Spring training his finally here and the A’s are looking forward to another trip into the post-season. Yes, you read that sentence correctly. The A’s are looking forward to anothertrip into the post-season. The A’s were not expected to be playoff contenders last year, but they shocked the baseball world with 94 wins and a division crown that came on the final game of the season.
Last year the A’s were considered to be a bottom dweller in a division that was considered fiercely competitive. The A’s had no business being mentioned in any sentence that contained the word playoff. The playoffs were reserved for the powerhouses in Arlington and Los Angeles and not for the penny-pinchers from Oakland.
Oakland was the last place anyone considered home to the playoffs.
That was then and this is now. This year the A’s enter spring camp with heightened expectations and whether that is a good or bad thing, Billy Beane and his bunch of youngsters are beaming with confidence that they’ll meet those expectations.
One thing going for the A’s this year is their starting pitching. Many doubters last year questioned whether or not Oakland’s inexperienced rotation could handle the long, grueling test that is a 162-game season. The young A’s not only proved they could handle big league hitting, but that they were among the best pitching staffs in baseball.
Brandon McCarthy (8-6, 3.24 ERA, 111.0 IP) will be missed this season after being signed by the Diamondbacks this offseason, but the A’s were able to re-sign the veteran Bartolo Colon (10-9, 3.43 ERA, 152.1 IP). With Colon, the A’s have a strong veteran presence in their still young rotation.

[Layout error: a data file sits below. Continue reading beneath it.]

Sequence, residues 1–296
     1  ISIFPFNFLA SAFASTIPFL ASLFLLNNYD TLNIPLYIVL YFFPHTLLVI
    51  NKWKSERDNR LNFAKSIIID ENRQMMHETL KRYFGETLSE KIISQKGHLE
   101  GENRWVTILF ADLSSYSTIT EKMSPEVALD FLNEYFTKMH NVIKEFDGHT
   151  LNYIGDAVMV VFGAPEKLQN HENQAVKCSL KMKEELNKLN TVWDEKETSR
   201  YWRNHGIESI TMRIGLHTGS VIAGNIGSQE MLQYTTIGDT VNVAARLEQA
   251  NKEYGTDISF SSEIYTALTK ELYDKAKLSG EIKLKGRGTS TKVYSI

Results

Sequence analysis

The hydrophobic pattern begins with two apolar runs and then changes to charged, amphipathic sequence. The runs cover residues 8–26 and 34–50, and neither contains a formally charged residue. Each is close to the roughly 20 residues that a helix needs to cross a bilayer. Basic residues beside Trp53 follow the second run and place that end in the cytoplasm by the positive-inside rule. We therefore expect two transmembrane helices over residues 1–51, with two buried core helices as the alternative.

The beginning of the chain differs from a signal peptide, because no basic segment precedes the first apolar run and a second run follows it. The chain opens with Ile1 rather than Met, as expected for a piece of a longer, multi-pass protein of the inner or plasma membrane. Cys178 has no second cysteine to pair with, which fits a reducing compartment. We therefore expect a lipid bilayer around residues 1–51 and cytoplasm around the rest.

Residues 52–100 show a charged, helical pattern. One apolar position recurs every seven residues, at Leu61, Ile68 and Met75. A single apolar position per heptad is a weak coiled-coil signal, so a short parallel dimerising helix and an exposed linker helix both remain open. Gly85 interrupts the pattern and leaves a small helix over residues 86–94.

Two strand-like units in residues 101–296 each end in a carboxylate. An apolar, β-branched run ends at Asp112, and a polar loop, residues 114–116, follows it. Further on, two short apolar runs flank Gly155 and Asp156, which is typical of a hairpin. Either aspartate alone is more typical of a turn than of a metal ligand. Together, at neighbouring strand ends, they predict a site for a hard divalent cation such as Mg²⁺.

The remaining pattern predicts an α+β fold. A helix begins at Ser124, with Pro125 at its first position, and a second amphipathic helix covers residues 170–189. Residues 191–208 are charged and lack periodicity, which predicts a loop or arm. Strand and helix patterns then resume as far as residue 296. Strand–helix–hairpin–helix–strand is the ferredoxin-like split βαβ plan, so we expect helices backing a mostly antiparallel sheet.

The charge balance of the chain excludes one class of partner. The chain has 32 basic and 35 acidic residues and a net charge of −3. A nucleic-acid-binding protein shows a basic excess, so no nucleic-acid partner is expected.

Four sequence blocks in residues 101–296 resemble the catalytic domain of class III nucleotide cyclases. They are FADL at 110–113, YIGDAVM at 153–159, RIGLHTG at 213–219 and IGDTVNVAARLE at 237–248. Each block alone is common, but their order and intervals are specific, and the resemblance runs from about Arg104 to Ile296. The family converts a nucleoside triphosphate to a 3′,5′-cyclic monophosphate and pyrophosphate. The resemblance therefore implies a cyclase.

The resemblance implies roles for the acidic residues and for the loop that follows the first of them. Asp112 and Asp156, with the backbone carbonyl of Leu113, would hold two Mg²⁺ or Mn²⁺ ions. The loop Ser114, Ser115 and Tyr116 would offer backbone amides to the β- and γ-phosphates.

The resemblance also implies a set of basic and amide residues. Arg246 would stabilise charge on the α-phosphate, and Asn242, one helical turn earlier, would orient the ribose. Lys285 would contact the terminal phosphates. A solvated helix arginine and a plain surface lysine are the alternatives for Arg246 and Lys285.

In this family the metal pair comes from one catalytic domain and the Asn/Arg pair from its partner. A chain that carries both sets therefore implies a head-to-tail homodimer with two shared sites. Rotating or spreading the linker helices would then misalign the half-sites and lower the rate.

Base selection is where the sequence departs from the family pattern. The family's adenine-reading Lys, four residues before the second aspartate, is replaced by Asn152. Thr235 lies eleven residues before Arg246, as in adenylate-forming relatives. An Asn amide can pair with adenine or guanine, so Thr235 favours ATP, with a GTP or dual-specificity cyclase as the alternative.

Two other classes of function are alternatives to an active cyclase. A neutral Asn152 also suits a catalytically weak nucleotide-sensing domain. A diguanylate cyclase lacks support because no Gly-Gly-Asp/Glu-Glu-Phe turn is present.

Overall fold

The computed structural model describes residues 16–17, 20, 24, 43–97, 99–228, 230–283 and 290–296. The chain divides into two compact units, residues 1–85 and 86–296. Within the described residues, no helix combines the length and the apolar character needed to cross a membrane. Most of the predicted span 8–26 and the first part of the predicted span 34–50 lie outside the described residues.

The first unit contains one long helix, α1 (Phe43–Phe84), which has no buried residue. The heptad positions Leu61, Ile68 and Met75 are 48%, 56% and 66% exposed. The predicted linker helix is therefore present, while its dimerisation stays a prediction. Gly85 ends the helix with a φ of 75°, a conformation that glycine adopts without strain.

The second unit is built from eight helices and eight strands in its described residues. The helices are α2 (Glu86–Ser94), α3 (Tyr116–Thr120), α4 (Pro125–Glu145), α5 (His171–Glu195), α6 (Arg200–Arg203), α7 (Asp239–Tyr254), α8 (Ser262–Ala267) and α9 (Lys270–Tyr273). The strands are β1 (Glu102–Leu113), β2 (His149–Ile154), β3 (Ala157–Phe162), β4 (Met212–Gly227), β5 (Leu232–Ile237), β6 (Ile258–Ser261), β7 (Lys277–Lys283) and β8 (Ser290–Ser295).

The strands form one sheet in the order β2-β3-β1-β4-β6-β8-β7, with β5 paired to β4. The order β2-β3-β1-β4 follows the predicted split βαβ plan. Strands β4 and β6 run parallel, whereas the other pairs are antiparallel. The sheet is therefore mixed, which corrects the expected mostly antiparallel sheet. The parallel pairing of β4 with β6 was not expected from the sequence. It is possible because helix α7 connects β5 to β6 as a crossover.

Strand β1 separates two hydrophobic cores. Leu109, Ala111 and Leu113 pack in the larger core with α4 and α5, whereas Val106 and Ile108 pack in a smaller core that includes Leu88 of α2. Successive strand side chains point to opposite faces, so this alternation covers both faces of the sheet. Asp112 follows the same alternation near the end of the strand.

Overall, the A’s rotation is one thing to be excited about this spring. It will be interesting to see how well Brett Anderson (4-2, 2.57 ERA, 35.0 IP) performs as Oakland’s ace in the rotation. It is still unclear as to who will start Opening Day, but Anderson, 25, is definitely a top-option for manager Bob Melvin. If Anderson can stay healthy, he could anchor an A’s rotation that could do some serious damage in the American League.
Watching young guys like Jarrod Parker (13-8, 3.47 ERA, 181.1 IP) and Tommy Milone (13-10, 3.74 ERA, 190.0 IP) will continue to mature and gain experience this spring will be exciting and interesting as well. There are a lot of things to like about Oakland’s pitching.
Last spring there was just the hope the young guys would adapt well to major league hitters. Now there’s an expectation, not hope, that surrounds each of these guys this spring. We now expect a guy like Parker to only get better with more experience.
The A’s did not enter camp last year with a very “scary” lineup. The team was expected to struggle offensively all year long, but the team did surprise a lot of people with their .265 average with runners in scoring position.
And Oakland got plenty of power from guys like Josh Reddick (32 HR), Yoenis Cespedes (23 HR), Brandon Moss (21 HR), Jonny Gomes (18 HR), and Chris Carter (16 HR). Overall, while not entirely threatening, the A’s did manage to score 713 runs (14th in MLB) while also posting a .404 SLG. percentage (15th in MLB).
Fans should expect Cespedes, who impressed just about everyone in his first full-year in the majors, to have an even stronger outing in 2013. The A’s have also added a few extra pieces this offseason that have solidified various spots in the outfield and infield.
Beane and Co. didn’t have a “splashy” offseason by any means, but what they did accomplish should be considered a job well-done. The A’s didn’t have to give up a bunch of talent and cash to retool and revamp their roster like the Angels had to this winter, so the front-office bested just about everyone in the AL West.
The A’s have depth, strong starting pitching, and now they have playoff experience under their belt. They know what it takes to get to October and they’re expectedto return to October baseball this year.
It all starts with spring training and oh how different this spring will be.